loan fund created by Mr. Under
wood last fall.
International Ball
Committee Meets
Theare will be a meeting of the
International Ball committee this
afternoon at 3 in the Y hut.
This committee is to make plans
for the ball which will be given
April 4 in conjunction with the
Model League of Nations assembly.
The league will meet Friday eve
ning in Villard hall and Saturday
evening the dance will be given in
Sally Allen Has
Story in Magazine
“O Wise Young Judge,” Sally
Elliott Alien’s exciting short story
in the March issue of the House
hold magazine, draws the following
“You don’t look for a stolen car
and a wild ride in a story of young
love—but this is different!”
Mrs. Allen is the wife of Dean
Eric Allen, head of the journalism
Fee Installments
Due by March 10
At Johnson Hall
The third and last install
ment of fees is now due, accord
ing to E. I’. Lyon, University
cashier. This installment must
be paid by March 10 to avoid
a penalty of 25 cents a day for
late fees.
Payment may he made at
window four of the business of
fice on the second floor of
i Millrace Claims
Victim Saturday
Three Escape Death When
Canoe Capsizes; Police
Recover Botly
Clifford Flowers, freshman negro
student, was drowned at the head
waters of the millrace Saturday
afternoon when a canoe in which
he was riding with three other stu
dents capsized and threw them in
to the swift current.
The body of the victim, w’hose
home was in Portland, was not re
covered until the next morning. A
group of Zeta hall men are going
to Portland tomorrow to attend
the last rites for Flowers, who was
popular among them as a singer
and pianist.
Police who recovered the body
Sunday announced after an exam
ination had been made that Flow
ers’ death was probably not due to
drowning but to heart failure, but
a coroner’s report yesterday gave
drowning as the cause.
Legal Transfer of
7-lb Girl Given
To Oregon Grads
r. ■.
A copy of a legal transfer of
property from A. Stork to Ray
mond G. Wood and Laura Clithero
Wood, ’30, on February 28. 1936.
was received in Dean Eric W. Al
len’s office yesterday.
Description of the property is as
“One female niece of humanitv.
measuring nineteen fl9) inches
and marked with auburn hair, cur
eouipped with a lustv pair of lung's
and marked with auburn haid, cur
lv—as per specifications; named
Roberta Grace Wood.”
Mr. and Mrs. Wood, receivers of
the propertv, reside in Brookings
Oregon. Mrs. Wood is a graduate
of the school of -journalism.
The legal document was signed
bv the footprint of A. Stork him
Students Hear
Reverend Bonsall
Rev. E. H. Bonsall was guest
sneaker at the term meeting of the
student Christian groups of the
citv Sunday at 6:15 in the Congre
gational church.
In his talk on “Our Share in
Building a New World, Rev. Bon
sall read a auotation from a voung
minister's report of the conditions'
of the “share cronners” in Arkan
sas and went on elaborating on the
blue conditions of the country at
Howard Ohmart led the devo
tionals and William Sutherland
Physics School
Gets Motor Set
A motor generator set, donated
i to the nhysics department of the
| University bv the Pacific Tele
j phone and Telegraph company of
Portland arrived on the campus
Saturday afternoon.
The equipment is now stored
near the basement entrance of Mc
Clure hall. It will have to remain
outside until a doorway or window
can be widened in Deady hall so
that it can be moved inside for in
stallation, probably sometime this
The equipment consists of a mo
tor generator set with an 800-am
pere, 30 volt direct current genera
tor and 37 horse power, 220 volt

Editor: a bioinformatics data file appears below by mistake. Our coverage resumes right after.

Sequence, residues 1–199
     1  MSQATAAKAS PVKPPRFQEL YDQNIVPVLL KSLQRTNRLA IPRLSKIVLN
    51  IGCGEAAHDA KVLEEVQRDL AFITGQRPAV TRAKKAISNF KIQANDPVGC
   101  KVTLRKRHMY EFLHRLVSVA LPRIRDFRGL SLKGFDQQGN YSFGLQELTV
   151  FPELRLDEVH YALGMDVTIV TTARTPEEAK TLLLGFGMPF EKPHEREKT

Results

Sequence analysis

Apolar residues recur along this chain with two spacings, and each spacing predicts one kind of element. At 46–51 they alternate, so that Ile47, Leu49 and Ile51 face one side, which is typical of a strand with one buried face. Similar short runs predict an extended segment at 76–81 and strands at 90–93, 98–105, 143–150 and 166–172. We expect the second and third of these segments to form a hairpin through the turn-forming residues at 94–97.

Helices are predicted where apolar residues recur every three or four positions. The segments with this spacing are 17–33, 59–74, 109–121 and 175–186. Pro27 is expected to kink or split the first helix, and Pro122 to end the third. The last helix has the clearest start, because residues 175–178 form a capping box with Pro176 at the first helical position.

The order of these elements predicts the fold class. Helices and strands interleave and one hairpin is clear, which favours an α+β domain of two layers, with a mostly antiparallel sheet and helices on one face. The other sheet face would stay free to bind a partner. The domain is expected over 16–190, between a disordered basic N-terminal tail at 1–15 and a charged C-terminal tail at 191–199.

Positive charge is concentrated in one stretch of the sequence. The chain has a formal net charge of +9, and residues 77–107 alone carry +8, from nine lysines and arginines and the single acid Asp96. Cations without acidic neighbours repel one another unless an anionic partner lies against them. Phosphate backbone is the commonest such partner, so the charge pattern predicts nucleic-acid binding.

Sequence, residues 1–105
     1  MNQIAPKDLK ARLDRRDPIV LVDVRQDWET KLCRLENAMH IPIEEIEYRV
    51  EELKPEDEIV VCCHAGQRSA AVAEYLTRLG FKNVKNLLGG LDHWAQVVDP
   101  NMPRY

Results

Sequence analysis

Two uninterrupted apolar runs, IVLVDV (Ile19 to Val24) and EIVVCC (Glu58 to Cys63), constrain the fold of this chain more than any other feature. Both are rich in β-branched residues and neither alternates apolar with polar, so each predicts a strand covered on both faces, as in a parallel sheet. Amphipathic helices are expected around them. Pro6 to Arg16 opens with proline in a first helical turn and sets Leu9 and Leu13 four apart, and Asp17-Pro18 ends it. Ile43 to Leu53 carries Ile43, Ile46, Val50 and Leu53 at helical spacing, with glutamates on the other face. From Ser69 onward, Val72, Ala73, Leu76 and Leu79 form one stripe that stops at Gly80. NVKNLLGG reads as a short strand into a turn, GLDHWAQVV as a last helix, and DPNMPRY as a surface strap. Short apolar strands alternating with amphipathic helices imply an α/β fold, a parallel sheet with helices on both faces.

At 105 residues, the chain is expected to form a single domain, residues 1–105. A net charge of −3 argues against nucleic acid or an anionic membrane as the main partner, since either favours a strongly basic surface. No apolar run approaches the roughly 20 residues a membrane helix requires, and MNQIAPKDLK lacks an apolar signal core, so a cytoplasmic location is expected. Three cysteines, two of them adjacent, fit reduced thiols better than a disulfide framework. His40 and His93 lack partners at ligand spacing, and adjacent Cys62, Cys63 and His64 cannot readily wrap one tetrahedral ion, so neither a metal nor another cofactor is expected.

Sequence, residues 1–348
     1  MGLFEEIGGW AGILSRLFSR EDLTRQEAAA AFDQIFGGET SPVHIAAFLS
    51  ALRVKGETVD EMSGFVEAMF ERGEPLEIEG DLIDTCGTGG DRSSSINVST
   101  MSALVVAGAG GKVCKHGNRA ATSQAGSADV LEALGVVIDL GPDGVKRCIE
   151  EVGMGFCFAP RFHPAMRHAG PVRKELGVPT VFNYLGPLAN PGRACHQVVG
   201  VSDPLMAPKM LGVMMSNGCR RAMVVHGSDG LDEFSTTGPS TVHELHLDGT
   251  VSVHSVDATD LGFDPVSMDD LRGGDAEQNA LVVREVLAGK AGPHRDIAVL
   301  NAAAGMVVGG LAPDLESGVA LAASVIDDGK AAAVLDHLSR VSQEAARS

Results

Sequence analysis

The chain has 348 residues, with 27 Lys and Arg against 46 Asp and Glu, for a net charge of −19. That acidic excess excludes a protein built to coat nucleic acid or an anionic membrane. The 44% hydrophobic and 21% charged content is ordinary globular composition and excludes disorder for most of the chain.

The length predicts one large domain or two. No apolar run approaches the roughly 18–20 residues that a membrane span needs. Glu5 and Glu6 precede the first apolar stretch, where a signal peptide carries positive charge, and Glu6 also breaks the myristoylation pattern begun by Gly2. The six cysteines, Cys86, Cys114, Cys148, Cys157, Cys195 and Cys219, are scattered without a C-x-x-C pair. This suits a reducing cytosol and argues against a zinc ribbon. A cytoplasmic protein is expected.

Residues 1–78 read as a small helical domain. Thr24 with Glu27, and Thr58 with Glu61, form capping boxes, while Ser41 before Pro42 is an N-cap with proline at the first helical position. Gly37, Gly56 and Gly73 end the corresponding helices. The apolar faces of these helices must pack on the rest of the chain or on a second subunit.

direct current motor. The genera
tor will be used to furnish power
for large magnets that will aid in
thermo-electric and nucleus study,
said Dr. A. E. Caswell, head of the
physics department.
Men’s Classes
In Gym End
Work of Reconstruction
Starts; Lectures Will
Re Continued
Men’s regular physical educa
tion activity classes have been
cancelled beginning Thursday, ac
cording to Dean Bovard. How
ever, lecture classes will continue,
and exams will be given as usual.
Work on reconstruction was be
gun yesterday. No equipment will
be moved until Thursday morning,
when instructors will report in
work clothes to help with the mov
Offices Moved
Offices now located in the gym
building; will be moved to 101 Mc
Arthur court. Students having;
personal belongings in baskets are
advised to remove them before
Thursday to prevent loss and con
Classes next term will be held in
McArthur court. A large propor
tion of the classes next term are
to he outdoor activities, it is re
ported. There will be no swim
ming, except for members of the
varsitv, which will continue to
practice in the women's pool.
Bleachers for 400
The building will be cut approxi
mately in half. The north part
remaining will house the swim
ming pool and locker rooms, and
furnish seating rooms for about
400 spectators, according to Dr.
Will V. Norris, professor of phys
ics, who is consulting engineer on
the relief projects.
The roof of the remodeled build
ing will be from eight to ten feet
lower than at present, and will
come to a point in the center.
New chlorination equipment,
which, according to Dr. Norris, will
do away with the over chlorination
of the water, will be installed.
The land where the south part of
the building now stands will be
landscaped for an approach to the
new infirmaay.
Miss Rowland
Speaks at Y Hut
Miss Wilhelmina Rowland, sec
retary and representative of the
student volunteer movement, will
speak to interested students at the
YMCA bungalo this afternoon at 4
Miss Rowland will probably give
an interpretation of the world task
of Christianity.
She will be the dinner guest of
the return delegates from the stu
dent volunteer quadrennial held at
Indianopolis during the Christmas
holidays. This group plans to have
dinner each Tuesday, with some
outside speaker present occasional
Zeta Tau Alpha
Moves March 18
The Zeta Tau Alphas will move
March 18 from their present resi
dence at 1670 Alder, which was
recently bought by Alpha Delta Pi,
to Mary Spiller hall, which will be
known as the Zeta Tau Alpha
house, with the name plates and
telephone number of the sorority.